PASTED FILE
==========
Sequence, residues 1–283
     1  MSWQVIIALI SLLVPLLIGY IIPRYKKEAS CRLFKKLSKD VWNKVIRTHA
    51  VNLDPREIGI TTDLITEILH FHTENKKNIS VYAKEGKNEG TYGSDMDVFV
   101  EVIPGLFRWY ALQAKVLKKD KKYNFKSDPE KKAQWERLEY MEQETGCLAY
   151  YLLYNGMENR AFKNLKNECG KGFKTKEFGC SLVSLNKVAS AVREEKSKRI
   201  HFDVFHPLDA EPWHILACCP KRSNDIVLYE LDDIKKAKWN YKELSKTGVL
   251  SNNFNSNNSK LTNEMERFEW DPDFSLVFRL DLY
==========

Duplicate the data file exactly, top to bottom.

Sequence, residues 1–283
     1  MSWQVIIALI SLLVPLLIGY IIPRYKKEAS CRLFKKLSKD VWNKVIRTHA
    51  VNLDPREIGI TTDLITEILH FHTENKKNIS VYAKEGKNEG TYGSDMDVFV
   101  EVIPGLFRWY ALQAKVLKKD KKYNFKSDPE KKAQWERLEY MEQETGCLAY
   151  YLLYNGMENR AFKNLKNECG KGFKTKEFGC SLVSLNKVAS AVREEKSKRI
   201  HFDVFHPLDA EPWHILACCP KRSNDIVLYE LDDIKKAKWN YKELSKTGVL
   251  SNNFNSNNSK LTNEMERFEW DPDFSLVFRL DLY